In 1642, a big flood from the Yellow River damaged the monastery and it was not re-constructed until 1766 when it was Qing Dynasty (1644-1911). In 1746, a big repair project conduted by Emperor Qianlong was started, which lasted for two years and seven months and made great to the recovery of the monastery. Unpredictably, the Grand Xiangguo Monastery was attacked by the Yellow River once again and it almost became a ruin.

In 1993, the Lingshan Temple of Singapore presented the monastery with the sarira of Sakyamuni (founder of Buddhism), which is now still enshrined there. All the figures of Buddhas in every hall of the monastery are perfect in workmanship and seen as the gem among their analogues in China.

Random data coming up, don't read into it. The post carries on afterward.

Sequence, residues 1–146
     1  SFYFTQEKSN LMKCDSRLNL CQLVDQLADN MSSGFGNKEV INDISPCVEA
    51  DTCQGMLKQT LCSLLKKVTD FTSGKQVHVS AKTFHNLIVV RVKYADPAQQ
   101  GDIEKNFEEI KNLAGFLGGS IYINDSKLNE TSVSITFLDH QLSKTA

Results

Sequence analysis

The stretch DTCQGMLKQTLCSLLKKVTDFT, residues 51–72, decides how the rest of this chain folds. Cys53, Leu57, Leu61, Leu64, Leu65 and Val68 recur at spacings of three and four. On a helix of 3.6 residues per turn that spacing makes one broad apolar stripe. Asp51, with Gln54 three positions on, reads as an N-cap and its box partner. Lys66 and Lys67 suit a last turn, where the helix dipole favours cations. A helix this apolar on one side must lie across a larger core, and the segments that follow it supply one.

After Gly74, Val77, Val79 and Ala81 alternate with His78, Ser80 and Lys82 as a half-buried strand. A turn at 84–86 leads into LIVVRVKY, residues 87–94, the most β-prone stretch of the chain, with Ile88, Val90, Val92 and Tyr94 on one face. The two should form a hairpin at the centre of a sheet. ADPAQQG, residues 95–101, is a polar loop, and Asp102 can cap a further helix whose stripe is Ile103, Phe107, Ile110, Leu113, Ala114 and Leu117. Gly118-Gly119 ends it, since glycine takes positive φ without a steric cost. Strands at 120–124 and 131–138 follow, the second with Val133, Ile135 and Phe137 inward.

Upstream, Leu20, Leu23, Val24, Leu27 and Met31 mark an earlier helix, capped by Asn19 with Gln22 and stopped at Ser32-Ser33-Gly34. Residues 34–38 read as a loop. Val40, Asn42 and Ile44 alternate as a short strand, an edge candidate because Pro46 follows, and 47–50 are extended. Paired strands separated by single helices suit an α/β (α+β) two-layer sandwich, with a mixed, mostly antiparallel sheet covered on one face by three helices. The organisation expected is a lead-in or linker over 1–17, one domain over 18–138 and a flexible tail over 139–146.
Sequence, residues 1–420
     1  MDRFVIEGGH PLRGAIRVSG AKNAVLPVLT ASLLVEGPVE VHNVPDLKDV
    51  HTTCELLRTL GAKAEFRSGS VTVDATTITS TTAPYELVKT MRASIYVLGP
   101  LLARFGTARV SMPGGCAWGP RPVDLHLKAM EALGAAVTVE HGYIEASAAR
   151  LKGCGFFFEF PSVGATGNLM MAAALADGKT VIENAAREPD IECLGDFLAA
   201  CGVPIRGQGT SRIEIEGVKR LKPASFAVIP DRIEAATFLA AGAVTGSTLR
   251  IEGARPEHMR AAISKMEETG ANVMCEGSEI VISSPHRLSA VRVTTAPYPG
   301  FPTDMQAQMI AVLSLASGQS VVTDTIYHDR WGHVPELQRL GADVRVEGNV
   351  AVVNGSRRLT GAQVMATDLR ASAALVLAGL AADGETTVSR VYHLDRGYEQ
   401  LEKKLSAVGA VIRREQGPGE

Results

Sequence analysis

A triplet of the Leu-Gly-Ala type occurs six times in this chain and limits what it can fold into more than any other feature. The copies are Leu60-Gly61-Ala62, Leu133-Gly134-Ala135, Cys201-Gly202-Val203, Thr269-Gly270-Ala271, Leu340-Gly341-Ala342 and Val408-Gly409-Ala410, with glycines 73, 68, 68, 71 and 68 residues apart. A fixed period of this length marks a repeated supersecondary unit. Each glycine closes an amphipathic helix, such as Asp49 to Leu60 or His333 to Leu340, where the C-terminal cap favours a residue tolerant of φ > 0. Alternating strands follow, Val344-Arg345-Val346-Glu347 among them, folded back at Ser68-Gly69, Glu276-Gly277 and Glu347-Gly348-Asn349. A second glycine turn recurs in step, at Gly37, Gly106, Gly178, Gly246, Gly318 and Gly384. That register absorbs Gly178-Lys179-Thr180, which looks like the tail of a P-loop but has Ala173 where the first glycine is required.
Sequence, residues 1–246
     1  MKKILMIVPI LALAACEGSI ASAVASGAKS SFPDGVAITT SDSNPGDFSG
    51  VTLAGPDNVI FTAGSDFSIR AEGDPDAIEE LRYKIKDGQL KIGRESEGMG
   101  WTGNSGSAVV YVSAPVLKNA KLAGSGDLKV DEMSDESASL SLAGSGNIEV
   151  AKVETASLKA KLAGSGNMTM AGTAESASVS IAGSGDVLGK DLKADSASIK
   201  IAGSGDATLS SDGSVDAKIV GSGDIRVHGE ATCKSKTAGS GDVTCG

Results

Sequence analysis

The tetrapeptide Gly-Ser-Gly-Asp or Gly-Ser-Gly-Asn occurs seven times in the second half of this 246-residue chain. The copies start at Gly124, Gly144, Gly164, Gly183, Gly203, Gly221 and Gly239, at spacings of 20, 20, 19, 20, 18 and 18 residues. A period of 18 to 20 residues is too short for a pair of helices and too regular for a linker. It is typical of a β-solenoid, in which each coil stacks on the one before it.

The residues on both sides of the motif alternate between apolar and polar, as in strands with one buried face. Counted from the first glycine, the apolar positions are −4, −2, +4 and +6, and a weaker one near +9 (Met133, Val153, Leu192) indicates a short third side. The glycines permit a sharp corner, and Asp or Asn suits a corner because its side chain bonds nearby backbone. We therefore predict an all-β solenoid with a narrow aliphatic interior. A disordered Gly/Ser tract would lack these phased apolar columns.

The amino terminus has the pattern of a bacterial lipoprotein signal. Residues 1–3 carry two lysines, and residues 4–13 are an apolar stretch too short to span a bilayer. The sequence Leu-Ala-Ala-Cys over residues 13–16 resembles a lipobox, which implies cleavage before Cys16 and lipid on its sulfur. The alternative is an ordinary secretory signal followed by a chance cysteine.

Layout of  Grand Xiangguo Monastery

The whole structure of the Grand Xiangguo Monastery are still of Qing style. The main gate, the Hall of Heavenly King, the Hall of Mahavira, the Hall of Arhats, and the Depositary of Buddhist Sutras are the main buildings, which stand on a line from south to north. On both sides of the line are symmetrical cocklofts, including the East Wing-room (or Pavilion of Avalokitesvara) and the West Wing-room (or Pavilion of Ksitigarbharaja).

- The Gate
The main gate of Grand Xiangguo Monastery was first built at the beginning of the 18th century but was damaged in wars. The current one is an arch-like building constructed in the middle of the 20th century, with a pair of stone lions guarding at front of it.

- The Bell Tower and Drum Tower

The Drum Tower of the Grand Xiangguo Monastery